With Joke Adeniyi-Jackson
Residents of Ilorin, Kwara State are finding it difficult to put behind them the devastating effect of the rainstorm that wreak havoc in parts of the metropolis, penultimate Tuesday.
It would be recalled that the torrential downpour that lasted for about one hour, left in its trail gale of destructions. Scores of residential houses within the metropolis were destroyed, cars were badly damaged, electric poles, trees, giant bill boards and mast, among others were pulled down by the strong winds.
While many victims of the disaster are still counting their losses, many residents of the metropolis are battling power outage as parts of the state capital have been thrown into darkness since the incident.
The development is a consequence of the effect of the rainstorm on electrical installations supplying electricity to various parts of llorin. The storm also damaged scores of electricity poles throughout length and breadth of the city.
The Ibadan Electricity Distribution Company (IBEDC), also disclosed that the rainstorm crashed the network of its Baboko District, which supplies power to larger part of llorin.
Unfortunately, the power outage, is coming at a time when residents were heaving sighs of relief over seeming improved electricity supply in the state capital. However, many people are groaning over the power situation, which is affecting their standard of living. The blackout, is no doubt, taking a toll on the socio-economic life of the affected areas.
Areas such as Aduralere, Olunlade, Odota, Mandate, Alore, Gaa-Akanbi, Pakata and Islamic Village, to mention but a few, are still in darkness. Though most other areas within the metropolis suffered outage for about five days after the rainstorm, the residents now enjoy supply as IBEDC has restored supply in those places.
Several business owners are bemoaning the economic impact of the power outage. Many business operators have since been running generators, and the cost of fuel has eaten deep into their profit. The power outage has paralysed the business activities of entrepreneurs who cannot afford the alternative source of power supply as some of them have closed shops pending the time electricity will be restored to their areas. Many artisans such as welders, barbers, refrigerator and electronic technicians and frozen food sellers are now idle, as there is no power to carry on their businesses.
Housewives are not spared of the ordeal, which is resultant of the rainstorm; many of them have their frozen foods spoilt owing to the lingering power outage and as such, finding it hard to preserve perishables. A friend residing in Olorunsogo area lamented that she had to throw away tonnes of refrigerated foods few days ago due to the power outage. She now buys her food items in bits instead of bulk, which according to her is not economically good. Like her, many households in the affected areas pay more for what they would have bought cheaply, if purchased in bulk. To prevent perishable goods from wasting, some combat it by spending more on generators. This will inadvertently affect household budgeting, dipping hole into pocket of an average family man, as it is additional expenses. So also, in the interim the responsibility of providing power has fallen on the people themselves. At nights, residents of the affected area go to mosques, barbershops, viewing centres, etc to queue in order to charge their phones and other devices.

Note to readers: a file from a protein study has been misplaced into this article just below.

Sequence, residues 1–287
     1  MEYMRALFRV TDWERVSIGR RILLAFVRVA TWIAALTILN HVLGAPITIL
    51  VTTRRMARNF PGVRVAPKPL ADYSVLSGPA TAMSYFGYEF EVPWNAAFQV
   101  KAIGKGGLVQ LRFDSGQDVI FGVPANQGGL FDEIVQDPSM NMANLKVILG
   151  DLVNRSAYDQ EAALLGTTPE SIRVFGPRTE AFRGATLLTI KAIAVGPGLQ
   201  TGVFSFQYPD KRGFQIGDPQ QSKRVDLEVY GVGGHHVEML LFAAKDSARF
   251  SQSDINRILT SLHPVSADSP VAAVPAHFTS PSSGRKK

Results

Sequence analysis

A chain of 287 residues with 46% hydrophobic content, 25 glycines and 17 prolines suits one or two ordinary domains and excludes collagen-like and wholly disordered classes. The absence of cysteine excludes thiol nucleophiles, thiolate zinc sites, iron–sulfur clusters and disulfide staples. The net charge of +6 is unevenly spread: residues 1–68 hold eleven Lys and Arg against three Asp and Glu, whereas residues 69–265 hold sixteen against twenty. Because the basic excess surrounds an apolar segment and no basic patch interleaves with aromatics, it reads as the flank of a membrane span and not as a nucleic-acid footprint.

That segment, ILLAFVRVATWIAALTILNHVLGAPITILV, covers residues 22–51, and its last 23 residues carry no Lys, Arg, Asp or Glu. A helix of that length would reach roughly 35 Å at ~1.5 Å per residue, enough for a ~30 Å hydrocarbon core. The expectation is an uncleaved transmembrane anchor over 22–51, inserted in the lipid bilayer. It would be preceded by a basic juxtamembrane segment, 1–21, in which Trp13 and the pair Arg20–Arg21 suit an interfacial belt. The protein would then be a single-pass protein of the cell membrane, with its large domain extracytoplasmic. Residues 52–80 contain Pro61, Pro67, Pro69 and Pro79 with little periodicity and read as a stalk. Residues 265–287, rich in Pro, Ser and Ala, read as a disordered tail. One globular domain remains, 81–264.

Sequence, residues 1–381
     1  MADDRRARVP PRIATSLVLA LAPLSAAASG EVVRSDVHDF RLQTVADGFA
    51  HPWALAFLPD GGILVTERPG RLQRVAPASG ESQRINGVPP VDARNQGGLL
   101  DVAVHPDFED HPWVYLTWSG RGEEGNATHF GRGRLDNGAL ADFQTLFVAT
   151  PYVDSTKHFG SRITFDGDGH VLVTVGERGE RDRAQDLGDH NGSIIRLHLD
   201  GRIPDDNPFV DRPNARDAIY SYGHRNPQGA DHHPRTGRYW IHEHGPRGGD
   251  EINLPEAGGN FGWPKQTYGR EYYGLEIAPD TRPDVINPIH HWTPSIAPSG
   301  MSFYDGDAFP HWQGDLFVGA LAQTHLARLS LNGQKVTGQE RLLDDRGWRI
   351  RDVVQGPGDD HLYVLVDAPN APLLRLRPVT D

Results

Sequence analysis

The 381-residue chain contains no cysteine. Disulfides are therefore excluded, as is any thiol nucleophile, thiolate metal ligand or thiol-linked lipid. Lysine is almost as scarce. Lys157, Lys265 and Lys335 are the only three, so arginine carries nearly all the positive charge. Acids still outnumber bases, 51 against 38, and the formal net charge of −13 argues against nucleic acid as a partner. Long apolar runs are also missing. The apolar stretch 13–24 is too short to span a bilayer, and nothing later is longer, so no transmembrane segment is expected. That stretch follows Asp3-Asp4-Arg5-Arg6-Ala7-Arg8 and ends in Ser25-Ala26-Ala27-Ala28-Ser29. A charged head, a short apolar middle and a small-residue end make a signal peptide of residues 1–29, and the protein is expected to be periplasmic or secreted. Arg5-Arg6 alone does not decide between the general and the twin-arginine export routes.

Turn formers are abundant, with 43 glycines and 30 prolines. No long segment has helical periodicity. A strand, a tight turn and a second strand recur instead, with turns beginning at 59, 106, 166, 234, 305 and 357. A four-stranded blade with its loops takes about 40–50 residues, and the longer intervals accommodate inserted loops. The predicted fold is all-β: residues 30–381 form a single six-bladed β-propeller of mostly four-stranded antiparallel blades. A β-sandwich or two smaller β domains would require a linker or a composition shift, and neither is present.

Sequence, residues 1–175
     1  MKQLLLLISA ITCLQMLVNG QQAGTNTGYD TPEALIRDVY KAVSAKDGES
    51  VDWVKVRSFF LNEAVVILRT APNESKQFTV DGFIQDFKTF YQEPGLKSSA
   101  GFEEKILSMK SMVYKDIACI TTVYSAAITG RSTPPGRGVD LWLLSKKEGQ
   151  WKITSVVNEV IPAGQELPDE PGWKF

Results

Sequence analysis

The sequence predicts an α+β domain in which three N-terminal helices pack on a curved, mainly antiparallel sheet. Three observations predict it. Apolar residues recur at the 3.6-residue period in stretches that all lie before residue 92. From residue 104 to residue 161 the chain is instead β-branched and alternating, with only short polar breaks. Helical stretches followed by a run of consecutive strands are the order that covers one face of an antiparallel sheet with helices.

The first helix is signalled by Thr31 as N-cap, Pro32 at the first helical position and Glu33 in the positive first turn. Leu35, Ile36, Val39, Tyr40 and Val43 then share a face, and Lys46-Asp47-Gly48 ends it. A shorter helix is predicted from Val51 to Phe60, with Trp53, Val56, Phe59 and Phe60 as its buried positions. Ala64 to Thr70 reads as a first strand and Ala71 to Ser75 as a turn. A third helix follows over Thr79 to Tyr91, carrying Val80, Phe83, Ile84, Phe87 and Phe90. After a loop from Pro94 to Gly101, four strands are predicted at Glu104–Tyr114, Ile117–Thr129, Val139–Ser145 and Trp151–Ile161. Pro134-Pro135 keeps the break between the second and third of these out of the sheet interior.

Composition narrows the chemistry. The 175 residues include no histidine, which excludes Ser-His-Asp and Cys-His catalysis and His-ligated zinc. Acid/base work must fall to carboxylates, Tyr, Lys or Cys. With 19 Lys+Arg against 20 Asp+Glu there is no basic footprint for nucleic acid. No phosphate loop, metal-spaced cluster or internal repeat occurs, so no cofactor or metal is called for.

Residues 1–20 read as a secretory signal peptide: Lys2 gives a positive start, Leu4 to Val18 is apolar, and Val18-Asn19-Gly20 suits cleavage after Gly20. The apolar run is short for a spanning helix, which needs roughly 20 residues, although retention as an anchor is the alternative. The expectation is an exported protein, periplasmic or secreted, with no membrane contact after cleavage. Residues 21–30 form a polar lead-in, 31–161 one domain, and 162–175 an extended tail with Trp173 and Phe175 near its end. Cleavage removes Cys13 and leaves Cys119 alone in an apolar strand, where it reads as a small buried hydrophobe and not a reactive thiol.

The power outage has also compounded the problem of people in the affected areas with the sweltering heat experienced particularly at night, thus making living unbearable. In addition, residents of the affected areas are also being encumbered with even greater risks owing to noise, and air pollution as a result of the use of power generating sets. It is common knowledge that the noises, as well as the pollution that emanates from power generating set constitute health hazards. From the foregoing, it’s obvious that the effect of the blackout affect cross section of people in the society, hence the need for the problem to be addressed urgently by restoring power as quickly as possible to areas that are still in darkness in the aftermath of the rainstorm, by the DISCO.
Understandably, rainstorm is a natural incident and as such not much can be done humanly to stop it. It is a phenomenon that we have no control over. Moreso, it has been observed that strong winds associated with rainstorms are feature of the early rains. Therefore, it is for this reason that the distribution company must be prepared for such eventualities. There should also be rapid response to situations such as this to prevent protracted blackout in parts of the state after rainstorm. IBEDC companies should also ensure periodic maintenance of its electrical installation, as a stitch in time saves nine.